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Wednesday, 1 December, 1999, 23:49 GMT
Council opens GM-detector lab

GM lab The lab is the first of its kind in Scotland

Edinburgh Council has become the first Scottish local authority to open a laboratory dedicated to testing for genetically-modified food.

Scientists will check on products from the capital's cafes, shops and restaurants to see if they are complying with new rules that say foodstuffs containing GM products must be labelled.

The hope is that the 20,000 unit will pay for itself by testing for private companies and other Scottish councils.

Taking a hard-line

The outlets found to be selling unmarked GM products could face a fine of up to 5,000.

Mike Drewry, director of Edinburgh's environmental department, stressed the authority would take a hard line on those who flout the legislation.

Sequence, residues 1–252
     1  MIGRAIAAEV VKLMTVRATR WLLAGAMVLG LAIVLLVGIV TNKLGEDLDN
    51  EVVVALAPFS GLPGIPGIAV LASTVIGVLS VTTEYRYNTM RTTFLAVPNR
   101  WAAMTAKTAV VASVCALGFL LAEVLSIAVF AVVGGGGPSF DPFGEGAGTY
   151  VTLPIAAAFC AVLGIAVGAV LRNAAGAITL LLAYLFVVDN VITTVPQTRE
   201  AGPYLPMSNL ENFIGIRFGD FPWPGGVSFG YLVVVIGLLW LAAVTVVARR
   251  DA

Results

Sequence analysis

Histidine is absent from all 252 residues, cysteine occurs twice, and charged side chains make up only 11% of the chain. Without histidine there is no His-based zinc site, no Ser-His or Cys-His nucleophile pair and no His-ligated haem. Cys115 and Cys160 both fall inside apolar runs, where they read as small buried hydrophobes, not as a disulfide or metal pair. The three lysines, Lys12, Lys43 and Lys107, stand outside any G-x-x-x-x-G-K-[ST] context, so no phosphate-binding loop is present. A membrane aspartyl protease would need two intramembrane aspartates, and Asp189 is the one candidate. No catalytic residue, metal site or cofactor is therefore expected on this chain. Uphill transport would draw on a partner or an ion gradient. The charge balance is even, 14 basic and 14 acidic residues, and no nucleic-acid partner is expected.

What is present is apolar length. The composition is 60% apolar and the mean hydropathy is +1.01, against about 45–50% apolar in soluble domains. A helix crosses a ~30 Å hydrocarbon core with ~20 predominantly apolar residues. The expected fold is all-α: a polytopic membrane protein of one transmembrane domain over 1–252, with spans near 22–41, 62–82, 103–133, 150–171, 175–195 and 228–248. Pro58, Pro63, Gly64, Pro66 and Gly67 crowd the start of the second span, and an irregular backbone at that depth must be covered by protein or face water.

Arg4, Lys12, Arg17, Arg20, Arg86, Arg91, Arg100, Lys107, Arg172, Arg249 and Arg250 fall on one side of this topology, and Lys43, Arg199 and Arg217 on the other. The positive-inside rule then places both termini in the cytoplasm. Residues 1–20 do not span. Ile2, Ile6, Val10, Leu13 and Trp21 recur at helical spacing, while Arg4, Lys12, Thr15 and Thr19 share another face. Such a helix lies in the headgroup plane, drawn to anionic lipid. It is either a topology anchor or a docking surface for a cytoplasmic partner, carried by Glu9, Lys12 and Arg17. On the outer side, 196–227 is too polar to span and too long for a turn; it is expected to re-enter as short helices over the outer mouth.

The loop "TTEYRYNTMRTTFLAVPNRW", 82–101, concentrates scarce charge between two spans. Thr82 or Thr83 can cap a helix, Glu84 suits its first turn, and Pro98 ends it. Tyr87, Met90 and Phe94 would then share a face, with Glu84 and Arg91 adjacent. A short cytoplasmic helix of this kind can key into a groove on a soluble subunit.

He said: "Until now we have not had the facilities to test these products.


If we find people who are flouting the laws then we will be reporting them and they could face a fine
Mike Drewry, Edinburgh Council
"But what we will be doing is taking samples of food unannounced from restaurants and cafes through our environmental health officers.

"If we find people who are flouting the laws then we will be reporting them and they could face a fine."

Edinburgh Councillor Brian Fallon believes the testing would reassure customers they are making informed choices about GM produce for the first time.

Public assurances

He said: "It is very important that the public are assured and protected to the best of our ability and this facility will allow us to do that.

"People are entitled to their choice as to whether they wish to eat genetically-modified products or not.

"This gives them that choice, and they are entitled to that choice."

The laboratory test will involve extracting the DNA from food samples and identifying the presence of genetically-modified organisms.

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See also:
05 Nov 99 |  Sci/Tech
GM crops ban extended
18 Oct 99 |  Sci/Tech
Ministers 'ignoring public' on GM food
21 Oct 99 |  Sci/Tech
GM crops have 'significant snags'
22 Oct 99 |  Sci/Tech
Health risks reduced by GM corn
27 Oct 99 |  UK
Government 'U-turn' on GM crops

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